Six out of ten unemployed people on the islands have been looking for work for more than a year. They have increased by almost 38,000 people due to covid.
The difficulty in finding a job and re-engaging in the job market since the COVID broke out has triggered the number of people who have been looking for a job for more than a year.
Long-term unemployed have grown by 35% in the last year, according to data from the Employment Observatory of the Government of the Canary Islands (Obecan). In one year, 37,659 people have been added to this list, made up mostly of people over 45.
August ended with 147,405 long-term unemployed in the Canary Islands, representing 63% of the total unemployed on the islands. The figure assumes that six out of ten people who are unemployed have been looking for a job for more than a year without success.
The increase in long-term unemployed in the Canary Islands causes an increase in the unemployed who do not receive benefits on the islands. In the last year, those who have the right to help have fallen by 7% after the months of unemployment lengthened-.
As of August, there were 134,184 unemployed people with no income in the Canary Islands, which is 57% of the 234,257 in the islands. From the UGT of the Canary Islands, Manuel Navarro, points out that the rise in long-term unemployed in the Canary Islands is a consequence of the "reduced" employment niche that currently exists on the islands. As he explains, the current priority of island companies is to remove as soon as possible and recover the largest number of workers in ERTE and there are still 36,405 people in this situation.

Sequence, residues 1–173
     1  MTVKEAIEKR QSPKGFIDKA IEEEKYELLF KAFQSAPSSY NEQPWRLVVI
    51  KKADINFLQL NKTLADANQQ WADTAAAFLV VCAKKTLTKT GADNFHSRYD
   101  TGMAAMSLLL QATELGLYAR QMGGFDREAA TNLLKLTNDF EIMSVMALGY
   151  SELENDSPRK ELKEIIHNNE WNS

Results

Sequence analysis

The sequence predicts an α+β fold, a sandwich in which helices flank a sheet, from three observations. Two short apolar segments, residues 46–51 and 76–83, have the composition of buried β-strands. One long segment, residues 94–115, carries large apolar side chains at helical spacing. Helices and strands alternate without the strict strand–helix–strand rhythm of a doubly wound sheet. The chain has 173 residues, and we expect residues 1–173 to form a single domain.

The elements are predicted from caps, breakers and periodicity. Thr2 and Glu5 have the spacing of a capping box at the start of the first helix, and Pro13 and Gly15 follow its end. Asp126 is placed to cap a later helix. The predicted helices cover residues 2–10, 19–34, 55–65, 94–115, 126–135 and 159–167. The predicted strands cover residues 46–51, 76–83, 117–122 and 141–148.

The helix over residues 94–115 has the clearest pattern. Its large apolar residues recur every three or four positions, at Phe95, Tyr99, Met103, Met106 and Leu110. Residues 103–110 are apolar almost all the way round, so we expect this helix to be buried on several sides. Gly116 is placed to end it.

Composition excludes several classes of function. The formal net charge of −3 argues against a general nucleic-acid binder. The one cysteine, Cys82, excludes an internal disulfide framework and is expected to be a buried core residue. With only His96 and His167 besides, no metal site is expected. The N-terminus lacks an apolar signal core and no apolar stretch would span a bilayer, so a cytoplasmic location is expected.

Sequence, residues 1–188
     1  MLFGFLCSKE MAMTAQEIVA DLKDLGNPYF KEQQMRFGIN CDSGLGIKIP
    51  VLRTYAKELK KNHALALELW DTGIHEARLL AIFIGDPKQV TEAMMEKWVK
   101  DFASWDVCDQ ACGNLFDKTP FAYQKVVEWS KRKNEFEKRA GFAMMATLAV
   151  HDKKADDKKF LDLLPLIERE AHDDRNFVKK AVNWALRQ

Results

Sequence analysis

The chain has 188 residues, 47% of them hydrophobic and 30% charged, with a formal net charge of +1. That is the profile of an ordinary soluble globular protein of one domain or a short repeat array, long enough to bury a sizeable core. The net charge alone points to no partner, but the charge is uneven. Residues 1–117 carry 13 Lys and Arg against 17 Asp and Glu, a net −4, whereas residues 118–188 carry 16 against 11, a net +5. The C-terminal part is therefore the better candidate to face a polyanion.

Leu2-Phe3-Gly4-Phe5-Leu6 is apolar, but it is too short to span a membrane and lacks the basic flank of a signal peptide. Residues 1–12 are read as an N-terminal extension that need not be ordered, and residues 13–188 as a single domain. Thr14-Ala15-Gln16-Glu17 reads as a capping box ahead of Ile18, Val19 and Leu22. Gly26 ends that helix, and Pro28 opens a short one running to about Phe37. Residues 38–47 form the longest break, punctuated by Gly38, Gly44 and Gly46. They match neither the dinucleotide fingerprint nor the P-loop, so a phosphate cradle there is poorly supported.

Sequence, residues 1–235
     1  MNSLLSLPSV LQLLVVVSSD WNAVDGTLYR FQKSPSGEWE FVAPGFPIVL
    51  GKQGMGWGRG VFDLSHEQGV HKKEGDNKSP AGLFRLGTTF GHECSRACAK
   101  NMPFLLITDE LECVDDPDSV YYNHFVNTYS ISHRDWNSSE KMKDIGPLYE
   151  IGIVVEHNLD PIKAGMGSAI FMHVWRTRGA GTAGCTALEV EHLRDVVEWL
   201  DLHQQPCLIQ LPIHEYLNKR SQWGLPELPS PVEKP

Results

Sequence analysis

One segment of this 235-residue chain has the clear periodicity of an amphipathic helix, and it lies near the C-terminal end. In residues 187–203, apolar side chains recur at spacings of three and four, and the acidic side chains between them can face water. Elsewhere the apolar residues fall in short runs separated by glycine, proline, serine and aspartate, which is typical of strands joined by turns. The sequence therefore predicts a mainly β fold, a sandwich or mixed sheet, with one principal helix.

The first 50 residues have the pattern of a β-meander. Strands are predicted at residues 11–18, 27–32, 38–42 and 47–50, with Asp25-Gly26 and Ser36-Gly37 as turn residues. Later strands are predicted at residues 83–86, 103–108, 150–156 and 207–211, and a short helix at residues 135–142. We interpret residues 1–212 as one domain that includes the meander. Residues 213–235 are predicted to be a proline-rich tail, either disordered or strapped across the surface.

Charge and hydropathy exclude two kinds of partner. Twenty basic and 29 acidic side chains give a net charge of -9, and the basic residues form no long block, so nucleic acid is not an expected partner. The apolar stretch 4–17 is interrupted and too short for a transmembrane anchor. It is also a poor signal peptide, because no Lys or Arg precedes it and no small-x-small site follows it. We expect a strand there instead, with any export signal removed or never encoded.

“Long-term unemployment will decrease when ERTE workers return to work and the economic situation has normalized. Then the activity and the generation of employment will return ”, indicates Navarro, who makes special incidence in the situation of“ lack of protection ”in which many of the long-term unemployed remain once they have consumed the benefit to which they are entitled.
"The situation is delicate because many of these people have an age in which they have families and children and have to face some expenses," says the general secretary of the UGT. As he points out, there are also long-term unemployed young people and they also "worry", although in their cases the family situations are different.
Navarro advocates training to relocate these long-term unemployed in the labour market in the Canary Islands. "It is necessary to train in those niches with more job opportunities to achieve their re-engagement,"